The opposition figurehead now widely recognized as Venezuela’s legitimate interim president has urged demonstrators to continue their quest to unseat Nicolás Maduro and the “wretches” around him with fresh protests next week.
Addressing a packed auditorium at the Central University of Venezuela in Caracas, Juan Guaidó claimed it was only a matter of time before Maduro’s regime collapsed.
“They are already defeated,” Guaidó said, calling another round of nationwide demonstrations for next Tuesday. “Today, our only enemy is despair. Today, our only enemy is doubt. Today, our only enemy is fear.
“We will keep going until we achieve our objective,” vowed the 35-year-old politician who is now recognized by more than 40 countries including the United States, Canada, Brazil, Britain, France and Germany. “Each day they are more alone and isolated,” Guaidó said of Maduro’s administration. “And each day more people join our cause.”
Before Guaidó took to the stage to address the 2,700-seat auditorium, a succession of opposition and student leaders gave impassioned speeches calling for unity and change.
“Venezuela is ours and we are going to recover it!” roared Miguel Pizarro, a lawmaker from the opposition Primero Justicia (Justice First) party.
Rafaela Requesens, a student leader whose politician brother was jailed last year following an attempted drone attack on Maduro, said: “For the first time in more than 20 years we can see light at the end of the tunnel.”
“Many people are asking when this government will fall. Ladies and gentleman, this regime has already started to fall … there is no going back.”
Despite a widespread sense that Maduro’s six-year rule is in its death throes, his opponents have spent this week tempering expectations that his exit is imminent.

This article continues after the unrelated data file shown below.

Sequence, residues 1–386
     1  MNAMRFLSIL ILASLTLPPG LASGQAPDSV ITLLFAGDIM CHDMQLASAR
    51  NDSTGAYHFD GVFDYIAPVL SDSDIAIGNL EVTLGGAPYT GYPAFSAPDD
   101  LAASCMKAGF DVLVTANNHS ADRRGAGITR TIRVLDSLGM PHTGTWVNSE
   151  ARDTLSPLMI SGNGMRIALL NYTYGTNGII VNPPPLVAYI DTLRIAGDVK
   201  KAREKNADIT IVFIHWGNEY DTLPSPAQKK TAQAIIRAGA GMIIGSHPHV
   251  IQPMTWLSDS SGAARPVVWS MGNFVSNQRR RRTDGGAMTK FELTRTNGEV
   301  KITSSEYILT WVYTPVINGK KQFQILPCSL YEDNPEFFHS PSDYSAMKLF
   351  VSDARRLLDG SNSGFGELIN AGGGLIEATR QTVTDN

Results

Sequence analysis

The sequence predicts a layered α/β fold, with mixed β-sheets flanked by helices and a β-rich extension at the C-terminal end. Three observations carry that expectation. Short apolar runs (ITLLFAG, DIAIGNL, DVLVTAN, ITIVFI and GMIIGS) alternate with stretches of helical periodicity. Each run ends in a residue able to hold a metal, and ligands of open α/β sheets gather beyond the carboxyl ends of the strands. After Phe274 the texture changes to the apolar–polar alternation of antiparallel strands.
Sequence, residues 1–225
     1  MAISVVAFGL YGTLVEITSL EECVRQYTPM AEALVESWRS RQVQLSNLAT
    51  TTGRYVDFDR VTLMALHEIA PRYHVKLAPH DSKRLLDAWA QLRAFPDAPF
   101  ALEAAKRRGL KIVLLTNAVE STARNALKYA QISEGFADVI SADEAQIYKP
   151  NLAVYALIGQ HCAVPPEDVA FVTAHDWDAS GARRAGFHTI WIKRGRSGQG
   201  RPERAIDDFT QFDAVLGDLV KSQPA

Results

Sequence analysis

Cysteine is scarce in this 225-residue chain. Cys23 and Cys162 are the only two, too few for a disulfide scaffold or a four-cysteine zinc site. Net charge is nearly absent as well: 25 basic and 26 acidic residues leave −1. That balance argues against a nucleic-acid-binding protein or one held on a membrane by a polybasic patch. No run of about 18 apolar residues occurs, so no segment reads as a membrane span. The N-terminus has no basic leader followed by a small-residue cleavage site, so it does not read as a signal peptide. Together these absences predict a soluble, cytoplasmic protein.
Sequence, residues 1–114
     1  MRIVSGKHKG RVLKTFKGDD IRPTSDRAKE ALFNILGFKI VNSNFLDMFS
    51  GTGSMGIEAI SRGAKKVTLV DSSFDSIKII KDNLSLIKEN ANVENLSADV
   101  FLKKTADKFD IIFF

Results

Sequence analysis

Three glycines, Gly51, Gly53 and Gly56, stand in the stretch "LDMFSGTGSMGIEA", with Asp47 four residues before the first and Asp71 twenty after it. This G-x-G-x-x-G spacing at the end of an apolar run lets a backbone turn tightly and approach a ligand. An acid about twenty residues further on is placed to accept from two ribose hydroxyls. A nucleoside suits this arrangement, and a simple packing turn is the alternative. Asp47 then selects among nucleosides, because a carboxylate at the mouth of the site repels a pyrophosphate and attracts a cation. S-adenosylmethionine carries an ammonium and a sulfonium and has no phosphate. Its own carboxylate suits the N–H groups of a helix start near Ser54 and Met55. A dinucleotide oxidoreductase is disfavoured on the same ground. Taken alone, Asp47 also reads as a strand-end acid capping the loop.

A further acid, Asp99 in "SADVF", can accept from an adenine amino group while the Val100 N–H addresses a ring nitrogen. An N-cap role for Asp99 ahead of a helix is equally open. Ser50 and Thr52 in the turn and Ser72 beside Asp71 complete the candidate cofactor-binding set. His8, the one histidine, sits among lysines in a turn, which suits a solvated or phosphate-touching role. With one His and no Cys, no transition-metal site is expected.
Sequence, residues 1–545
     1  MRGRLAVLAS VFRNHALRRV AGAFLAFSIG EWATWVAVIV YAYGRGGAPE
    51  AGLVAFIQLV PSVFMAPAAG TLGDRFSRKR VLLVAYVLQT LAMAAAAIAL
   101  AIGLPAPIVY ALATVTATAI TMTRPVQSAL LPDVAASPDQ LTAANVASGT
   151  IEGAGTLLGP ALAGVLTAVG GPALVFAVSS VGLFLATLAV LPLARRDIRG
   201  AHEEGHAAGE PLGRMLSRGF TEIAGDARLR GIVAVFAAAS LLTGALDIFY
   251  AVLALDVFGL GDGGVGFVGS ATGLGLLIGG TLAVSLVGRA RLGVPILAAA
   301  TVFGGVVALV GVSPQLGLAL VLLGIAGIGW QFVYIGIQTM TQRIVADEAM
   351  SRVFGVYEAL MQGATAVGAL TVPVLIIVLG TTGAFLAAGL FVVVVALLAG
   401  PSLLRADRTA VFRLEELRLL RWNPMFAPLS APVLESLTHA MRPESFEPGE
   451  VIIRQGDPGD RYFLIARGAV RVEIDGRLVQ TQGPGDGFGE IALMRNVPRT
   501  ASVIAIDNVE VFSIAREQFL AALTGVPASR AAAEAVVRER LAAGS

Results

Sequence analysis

Juan Andrés Mejía, a close Guaidó ally, told the Guardian: “We are trying pretty hard to make people understand that even though we want it to be very soon – and it could be – we don’t know for sure. It could take weeks, maybe months. We have to be prepared and organised for that.”
Maryhen Jiménez Morales, an Oxford University Venezuela specialist, said Guaidó – who sparked the current crisis by declaring himself the country’s rightful president on 23 January – faced a delicate balancing act.
“He needs to mobilize the people and make them believe this is going to happen – otherwise they won’t protest and they won’t risk their lives … [But the opposition also knows] it might not happen – because it is possible that at the end of the day Maduro survives this crisis.”
Maduro, who was narrowly elected following Hugo Chávez’s 2013 death and again last May in widely disputed elections, has shown no sign of budging.
Addressing reporters at the Miraflores presidential palace in Caracas – which he continues to occupy – Chávez’s embattled heir claimed he led a legitimate, democratically elected government.
Maduro slammed attempts by the opposition and the US to bring humanitarian aid into his crisis-stricken nation as a hostile conspiracy designed to remove him from power.
“It’s a rotten gift. It is a deceitful package, filled with the poison of humiliation,” Maduro said. “They aren’t giving us anything – they are robbing us.”
Maduro’s latest show of strength was undermined when the lights went out mid-press conference, temporarily plunging his 19th-century palace into darkness.
Additional reporting by Patricia Torres in Caracas